WPS recap: LCS, 10/15/2013

The early winners in both series are coming back from losses in their most recent game, hoping to turn the momentum back their way. They really just want to win, but they’ll talk about momentum.

Game       1   2   3   4   5   6   7   8   9    F
Red Sox    0   0   0   0   0   0   1   0   0    1
Tigers     0   0   0   0   0   0   0   0   0    0
(Red Sox lead series 2-1)
WPS        1   2   3   4   5   6   7   8   9
Red Sox    5  13   6   6   7  18  28  19   4
Tigers    15   5   6   6  23   8  30  64  48
WPS Base: 309.5  Best Plays: 68.1  Last Play: 5.0  Grand Total: 382.6

The customary double-barreled offensive shutdown kept WPS scores low for the first half of the game, but they also kept the contest knotted up, primed for big Win Expectancy swings late. That is what happened. The last half had rallies that built up good scores, then great scores, producing a well above-average total. The highest-scoring single play of the day was not Mike Napoli‘s home run, but the double play in the ninth that wiped Victor Martinez‘s leadoff hit off the bases, taking Detroit from a 34.6 percent Win Expectancy to 5.0 percent. it isn’t always offense that drives big numbers, which was a good thing for this game.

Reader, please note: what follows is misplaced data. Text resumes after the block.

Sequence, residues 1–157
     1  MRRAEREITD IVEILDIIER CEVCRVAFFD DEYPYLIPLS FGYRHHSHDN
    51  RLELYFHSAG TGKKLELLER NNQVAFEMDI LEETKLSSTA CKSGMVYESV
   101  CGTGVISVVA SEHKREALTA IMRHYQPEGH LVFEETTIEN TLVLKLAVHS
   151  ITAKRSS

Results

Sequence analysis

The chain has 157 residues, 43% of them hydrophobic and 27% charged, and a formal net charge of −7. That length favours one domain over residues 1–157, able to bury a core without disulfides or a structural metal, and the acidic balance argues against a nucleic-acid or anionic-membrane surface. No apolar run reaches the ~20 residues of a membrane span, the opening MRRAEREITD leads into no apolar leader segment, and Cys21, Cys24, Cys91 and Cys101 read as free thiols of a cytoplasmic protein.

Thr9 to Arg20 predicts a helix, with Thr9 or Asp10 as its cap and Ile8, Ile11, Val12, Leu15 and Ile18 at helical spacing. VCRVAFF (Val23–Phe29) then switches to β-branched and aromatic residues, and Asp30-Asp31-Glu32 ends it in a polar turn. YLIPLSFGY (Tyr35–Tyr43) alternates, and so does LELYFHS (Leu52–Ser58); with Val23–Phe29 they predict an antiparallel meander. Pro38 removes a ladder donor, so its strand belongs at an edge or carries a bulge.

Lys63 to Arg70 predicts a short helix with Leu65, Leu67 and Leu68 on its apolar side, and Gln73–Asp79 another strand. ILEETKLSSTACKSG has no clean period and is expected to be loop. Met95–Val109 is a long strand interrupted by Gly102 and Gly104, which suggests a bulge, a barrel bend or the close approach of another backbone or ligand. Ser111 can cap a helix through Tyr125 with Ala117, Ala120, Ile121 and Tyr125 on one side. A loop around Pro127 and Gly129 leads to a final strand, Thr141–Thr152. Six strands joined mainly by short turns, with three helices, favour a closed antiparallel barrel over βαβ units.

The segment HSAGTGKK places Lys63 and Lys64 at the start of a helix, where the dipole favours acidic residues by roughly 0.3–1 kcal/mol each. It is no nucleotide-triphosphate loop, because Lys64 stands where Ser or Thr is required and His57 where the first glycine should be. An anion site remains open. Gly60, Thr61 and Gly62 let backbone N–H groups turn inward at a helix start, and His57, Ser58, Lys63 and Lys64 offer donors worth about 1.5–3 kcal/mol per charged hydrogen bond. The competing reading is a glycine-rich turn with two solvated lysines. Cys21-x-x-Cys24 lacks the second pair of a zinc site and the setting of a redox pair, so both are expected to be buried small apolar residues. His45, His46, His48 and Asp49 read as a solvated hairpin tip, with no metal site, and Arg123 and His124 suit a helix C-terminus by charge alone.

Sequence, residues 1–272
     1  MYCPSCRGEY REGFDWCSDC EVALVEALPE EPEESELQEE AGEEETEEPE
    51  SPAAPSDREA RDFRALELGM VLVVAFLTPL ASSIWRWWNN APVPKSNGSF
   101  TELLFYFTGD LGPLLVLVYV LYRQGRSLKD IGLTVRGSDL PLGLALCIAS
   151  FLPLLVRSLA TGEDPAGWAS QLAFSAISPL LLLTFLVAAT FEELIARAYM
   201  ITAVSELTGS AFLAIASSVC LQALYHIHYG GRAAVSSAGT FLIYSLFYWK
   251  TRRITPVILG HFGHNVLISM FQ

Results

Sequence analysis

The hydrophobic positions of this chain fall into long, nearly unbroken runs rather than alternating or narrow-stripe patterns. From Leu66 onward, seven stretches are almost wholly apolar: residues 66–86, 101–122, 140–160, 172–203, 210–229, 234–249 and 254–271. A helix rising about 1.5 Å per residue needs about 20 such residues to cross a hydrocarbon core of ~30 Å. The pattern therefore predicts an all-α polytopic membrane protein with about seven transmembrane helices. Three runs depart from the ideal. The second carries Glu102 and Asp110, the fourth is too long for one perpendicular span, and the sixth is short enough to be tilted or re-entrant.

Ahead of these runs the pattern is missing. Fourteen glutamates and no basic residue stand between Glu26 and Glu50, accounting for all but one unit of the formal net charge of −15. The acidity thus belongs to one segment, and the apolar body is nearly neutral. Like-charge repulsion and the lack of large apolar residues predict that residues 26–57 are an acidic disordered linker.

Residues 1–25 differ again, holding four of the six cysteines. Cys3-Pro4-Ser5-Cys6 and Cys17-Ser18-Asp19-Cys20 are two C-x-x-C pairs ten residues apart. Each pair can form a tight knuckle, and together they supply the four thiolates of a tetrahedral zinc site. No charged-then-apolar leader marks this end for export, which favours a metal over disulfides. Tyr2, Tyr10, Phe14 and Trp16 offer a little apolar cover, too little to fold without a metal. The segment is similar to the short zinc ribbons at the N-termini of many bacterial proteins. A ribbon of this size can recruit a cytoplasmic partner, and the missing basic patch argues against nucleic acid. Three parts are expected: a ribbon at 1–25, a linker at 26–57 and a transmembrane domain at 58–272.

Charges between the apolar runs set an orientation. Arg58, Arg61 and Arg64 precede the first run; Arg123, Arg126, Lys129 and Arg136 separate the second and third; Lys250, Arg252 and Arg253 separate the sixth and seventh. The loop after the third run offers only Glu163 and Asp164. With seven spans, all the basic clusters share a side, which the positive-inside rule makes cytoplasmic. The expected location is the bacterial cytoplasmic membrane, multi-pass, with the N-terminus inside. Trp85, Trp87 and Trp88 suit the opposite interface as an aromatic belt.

Through this contest, there had been 26 games so far in the 2013 postseason. Seven times teams have been shut out, and 10 more times teams have scored just one run. Four times, both have happened in the same game. This was the fourth 1-0 final of the playoffs, which could already be a record for a single year before we reach the World Series. I’m not looking that up just yet. Let the stats department at Fox or TBS handle it: they need to earn their pay, too.

The early storyline in the game had nothing to do with play on the field. In the middle of the second inning, the lights at Comerica Park went out when a power substation had an outage. Despite having adequate natural daylight on an overcast day, at least for two innings, maybe more, the umpires called a halt to the game until the lights could be powered back up. The result was a 17-minute delay.